Recently one of my constituents, a university student, came to see me and I noticed that he had cuts and bruises on his hands.  He wants to remain anonymous, so let's call him Scott.

He told me that, walking home in the late evening in his university city, he encountered a gang of four hooded youths - Scott actually called them something unprintable - who demanded that he handed over his mobile phone.

He refused and was pushed to the ground and jumped on, but before the mugger could strike a blow or seize the phone, Scott struck his assailant hard and managed to run away from the others.  He thought that he might have damaged the man's jaw, possibly quite badly.

Days later, Scott was clearly still furious about what had happened to him.  I asked if he had reported the incident to the police.   He said no - first because he had no faith in the local police force to actually do anything about it, and second because he was concerned that if they did catch the mugger it would be he, Scott, who was prosecuted for assault, because "the legal system does seem to favour the aggressor."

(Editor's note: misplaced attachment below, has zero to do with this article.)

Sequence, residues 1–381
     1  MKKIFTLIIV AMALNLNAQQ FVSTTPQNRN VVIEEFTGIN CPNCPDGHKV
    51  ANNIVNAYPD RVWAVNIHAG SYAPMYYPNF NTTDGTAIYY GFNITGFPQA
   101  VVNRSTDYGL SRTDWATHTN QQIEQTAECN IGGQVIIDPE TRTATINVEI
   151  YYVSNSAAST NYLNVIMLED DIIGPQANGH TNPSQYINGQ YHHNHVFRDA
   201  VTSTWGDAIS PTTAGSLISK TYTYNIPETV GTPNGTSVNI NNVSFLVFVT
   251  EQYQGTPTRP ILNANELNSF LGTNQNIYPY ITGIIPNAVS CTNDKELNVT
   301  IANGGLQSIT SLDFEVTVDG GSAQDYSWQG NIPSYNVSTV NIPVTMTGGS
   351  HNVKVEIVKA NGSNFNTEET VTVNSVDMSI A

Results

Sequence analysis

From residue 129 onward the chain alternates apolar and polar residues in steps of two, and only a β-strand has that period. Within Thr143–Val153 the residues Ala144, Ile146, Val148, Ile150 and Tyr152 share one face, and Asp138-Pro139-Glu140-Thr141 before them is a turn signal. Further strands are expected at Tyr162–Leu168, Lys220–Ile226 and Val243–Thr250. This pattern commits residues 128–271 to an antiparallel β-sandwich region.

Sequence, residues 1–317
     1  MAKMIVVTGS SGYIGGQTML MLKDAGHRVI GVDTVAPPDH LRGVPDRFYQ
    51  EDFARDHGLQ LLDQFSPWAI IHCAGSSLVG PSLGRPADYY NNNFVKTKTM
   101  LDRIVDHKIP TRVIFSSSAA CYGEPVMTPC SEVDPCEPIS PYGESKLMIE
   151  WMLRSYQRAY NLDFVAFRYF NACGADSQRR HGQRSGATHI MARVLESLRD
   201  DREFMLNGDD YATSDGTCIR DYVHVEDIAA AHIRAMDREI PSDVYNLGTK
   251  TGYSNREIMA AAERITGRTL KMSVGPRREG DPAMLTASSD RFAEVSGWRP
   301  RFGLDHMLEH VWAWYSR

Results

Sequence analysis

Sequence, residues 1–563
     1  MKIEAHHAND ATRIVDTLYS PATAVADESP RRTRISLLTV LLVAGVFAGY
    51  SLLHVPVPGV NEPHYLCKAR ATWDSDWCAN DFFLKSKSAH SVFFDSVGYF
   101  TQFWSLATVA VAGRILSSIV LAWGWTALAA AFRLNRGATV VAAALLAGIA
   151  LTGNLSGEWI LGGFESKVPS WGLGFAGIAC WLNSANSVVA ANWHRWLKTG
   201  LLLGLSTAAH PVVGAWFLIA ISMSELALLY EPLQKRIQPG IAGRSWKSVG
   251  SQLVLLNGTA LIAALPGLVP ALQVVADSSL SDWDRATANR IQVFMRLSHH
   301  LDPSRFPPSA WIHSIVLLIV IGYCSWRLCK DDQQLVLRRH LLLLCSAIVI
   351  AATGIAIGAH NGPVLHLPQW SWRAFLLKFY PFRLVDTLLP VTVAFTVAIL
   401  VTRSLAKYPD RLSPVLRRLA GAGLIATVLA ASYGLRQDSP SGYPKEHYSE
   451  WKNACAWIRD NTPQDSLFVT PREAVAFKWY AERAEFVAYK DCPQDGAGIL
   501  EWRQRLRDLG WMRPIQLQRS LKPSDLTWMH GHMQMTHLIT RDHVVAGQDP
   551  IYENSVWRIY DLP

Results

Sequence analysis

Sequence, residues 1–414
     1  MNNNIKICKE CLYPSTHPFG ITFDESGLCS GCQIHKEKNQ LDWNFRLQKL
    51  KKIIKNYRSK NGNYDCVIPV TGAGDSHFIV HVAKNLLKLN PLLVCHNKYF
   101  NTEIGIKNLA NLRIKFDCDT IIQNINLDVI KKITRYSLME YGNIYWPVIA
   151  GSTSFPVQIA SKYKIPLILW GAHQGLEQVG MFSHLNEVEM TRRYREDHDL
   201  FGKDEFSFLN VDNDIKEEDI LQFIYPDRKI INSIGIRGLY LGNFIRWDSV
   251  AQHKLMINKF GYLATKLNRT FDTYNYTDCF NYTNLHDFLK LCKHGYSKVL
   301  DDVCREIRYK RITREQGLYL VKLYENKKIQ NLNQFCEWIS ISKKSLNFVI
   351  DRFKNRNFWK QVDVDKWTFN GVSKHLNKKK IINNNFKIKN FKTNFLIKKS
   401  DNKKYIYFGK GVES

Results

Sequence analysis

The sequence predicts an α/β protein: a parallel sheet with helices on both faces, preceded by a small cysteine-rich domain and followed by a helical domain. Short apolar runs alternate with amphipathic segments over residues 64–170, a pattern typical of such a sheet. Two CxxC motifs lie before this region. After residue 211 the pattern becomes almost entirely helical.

Scott told me:  "I believe I acted in-line with the wishes of the silent majority of this country who understand the need for tough, preventative policing and sentences for people like my mugger.  I want this to be an example that crime goes unreported because the public do not have any confidence in the efforts of the police or the legal system to support them as they should."

In the last few days I've been across the country campaigning for the local elections, and one of the consistent messages coming up on the doorsteps is real concern about violent crime and antisocial behaviour.   Scott is indeed speaking for the silent majority.  I'm determined to give him, and them, a voice.

Michelle Taylorcrime